The photographer skinnylawyer states that one of the guardians is the Great General Under the Heavens and the other is the Female General of the Underground.
Korean Ojukheon or 오죽헌 烏竹軒Click thumbnail to view full-size
Historic Hawaiian Tiki Poles
It is easy to see the presence of carved and sculpted poles around the upper part of the Pacific Rim on the map below. This suggests that human migration brought the artistic pole tradition along with the indigenous peoples. Hawaiian poles may be related to those of Oceania.
Preserving Alaskan Poles
Carved cedar poles can exist outdoors only about 100 years because of the damp conditions of the Pacific Northwest. Considering this, the US Forest Service began to round up Alaskan poles from abandoned villages beginning in 1938 (Garfield and Forrest, 1961). Many were restored and placed into indoor museums, but many others were beyond repair. Local artists replicated some of these.
Carved cedar poles can exist outdoors only about 100 years because of the damp conditions of the Pacific Northwest. Traditionally, they were allowed to decay and return to the Earth.
Carved Cedar in Victoria
I was fortunate to see the World's Largest "Totem" Pole raised to a height of 186 feet in Victoria on Vancouver Island BC in AD 1992. Sadly, it was cut down like a tree in AD 2000 and divided into smaller sections.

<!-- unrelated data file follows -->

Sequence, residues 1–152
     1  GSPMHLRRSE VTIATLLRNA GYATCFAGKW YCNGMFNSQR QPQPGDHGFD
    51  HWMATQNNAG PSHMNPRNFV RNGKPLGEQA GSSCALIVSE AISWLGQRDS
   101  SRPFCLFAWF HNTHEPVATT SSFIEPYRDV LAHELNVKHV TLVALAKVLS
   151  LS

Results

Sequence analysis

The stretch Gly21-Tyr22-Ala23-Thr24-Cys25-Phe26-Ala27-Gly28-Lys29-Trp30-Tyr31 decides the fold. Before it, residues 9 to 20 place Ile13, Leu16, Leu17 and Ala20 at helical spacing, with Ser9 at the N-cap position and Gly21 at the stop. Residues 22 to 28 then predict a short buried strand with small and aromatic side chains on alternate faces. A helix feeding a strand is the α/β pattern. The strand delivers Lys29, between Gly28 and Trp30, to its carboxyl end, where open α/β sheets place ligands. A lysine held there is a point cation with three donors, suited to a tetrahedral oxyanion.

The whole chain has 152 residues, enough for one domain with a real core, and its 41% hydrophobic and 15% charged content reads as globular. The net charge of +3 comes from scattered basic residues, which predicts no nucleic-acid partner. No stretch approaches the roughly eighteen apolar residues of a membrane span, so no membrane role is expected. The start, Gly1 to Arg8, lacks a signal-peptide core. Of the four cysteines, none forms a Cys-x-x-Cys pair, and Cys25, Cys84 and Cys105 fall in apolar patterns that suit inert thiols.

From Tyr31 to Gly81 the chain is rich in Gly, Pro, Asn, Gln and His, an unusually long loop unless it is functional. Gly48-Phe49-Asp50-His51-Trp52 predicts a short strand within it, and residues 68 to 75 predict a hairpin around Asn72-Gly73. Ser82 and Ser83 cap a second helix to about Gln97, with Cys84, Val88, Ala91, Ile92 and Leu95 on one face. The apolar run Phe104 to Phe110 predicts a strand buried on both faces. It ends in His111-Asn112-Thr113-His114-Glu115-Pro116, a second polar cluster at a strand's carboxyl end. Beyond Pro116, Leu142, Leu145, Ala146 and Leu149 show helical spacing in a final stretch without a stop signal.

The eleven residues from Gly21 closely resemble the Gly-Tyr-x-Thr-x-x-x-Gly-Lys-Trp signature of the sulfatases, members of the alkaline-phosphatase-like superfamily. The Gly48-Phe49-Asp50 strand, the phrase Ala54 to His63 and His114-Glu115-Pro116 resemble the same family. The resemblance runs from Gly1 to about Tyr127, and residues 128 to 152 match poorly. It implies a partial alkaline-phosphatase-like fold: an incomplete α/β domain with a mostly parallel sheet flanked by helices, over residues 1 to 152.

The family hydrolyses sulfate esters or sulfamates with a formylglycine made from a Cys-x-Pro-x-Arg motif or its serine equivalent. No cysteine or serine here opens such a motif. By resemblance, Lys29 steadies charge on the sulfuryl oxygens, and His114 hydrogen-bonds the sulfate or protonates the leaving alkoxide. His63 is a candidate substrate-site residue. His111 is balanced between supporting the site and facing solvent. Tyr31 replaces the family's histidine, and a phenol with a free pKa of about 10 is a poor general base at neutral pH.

Tall carved poles in recorded history have caused arguments among native groups. Specifically, the owner of the tallest pole has usually been criticized for it. This points to bullying those with the greatest achievements, leading to the oldest poles being destroyed out of envy.
These carved poles reflect many generations of culture before the 1700s. Some were sketched by a white settler, James Barlett, in 1792. Diaries indicate that indigenous persons explained the centuries-old tradition of their poles, masks, and other carvings.
Carved Poles in British Columbia
BC supports over 600 different indigenous groups, most of whom fashion carved poles, masks, and other figures.